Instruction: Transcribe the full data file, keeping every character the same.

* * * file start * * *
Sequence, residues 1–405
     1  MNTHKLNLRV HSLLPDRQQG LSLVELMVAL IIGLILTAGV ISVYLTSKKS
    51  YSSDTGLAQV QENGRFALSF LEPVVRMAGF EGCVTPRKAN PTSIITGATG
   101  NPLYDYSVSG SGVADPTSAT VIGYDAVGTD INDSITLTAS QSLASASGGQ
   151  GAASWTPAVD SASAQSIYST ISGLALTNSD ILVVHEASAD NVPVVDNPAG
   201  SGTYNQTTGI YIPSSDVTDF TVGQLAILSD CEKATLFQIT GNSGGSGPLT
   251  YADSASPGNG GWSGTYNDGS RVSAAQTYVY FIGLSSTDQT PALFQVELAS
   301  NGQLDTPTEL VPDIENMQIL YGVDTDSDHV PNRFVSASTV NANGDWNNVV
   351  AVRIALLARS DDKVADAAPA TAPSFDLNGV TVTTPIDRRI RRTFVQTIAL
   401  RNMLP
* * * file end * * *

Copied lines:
Sequence, residues 1–405
     1  MNTHKLNLRV HSLLPDRQQG LSLVELMVAL IIGLILTAGV ISVYLTSKKS
    51  YSSDTGLAQV QENGRFALSF LEPVVRMAGF EGCVTPRKAN PTSIITGATG
   101  NPLYDYSVSG SGVADPTSAT VIGYDAVGTD INDSITLTAS QSLASASGGQ
   151  GAASWTPAVD SASAQSIYST ISGLALTNSD ILVVHEASAD NVPVVDNPAG
   201  SGTYNQTTGI YIPSSDVTDF TVGQLAILSD CEKATLFQIT GNSGGSGPLT
   251  YADSASPGNG GWSGTYNDGS RVSAAQTYVY FIGLSSTDQT PALFQVELAS
   301  NGQLDTPTEL VPDIENMQIL YGVDTDSDHV PNRFVSASTV NANGDWNNVV
   351  AVRIALLARS DDKVADAAPA TAPSFDLNGV TVTTPIDRRI RRTFVQTIAL
   401  RNMLP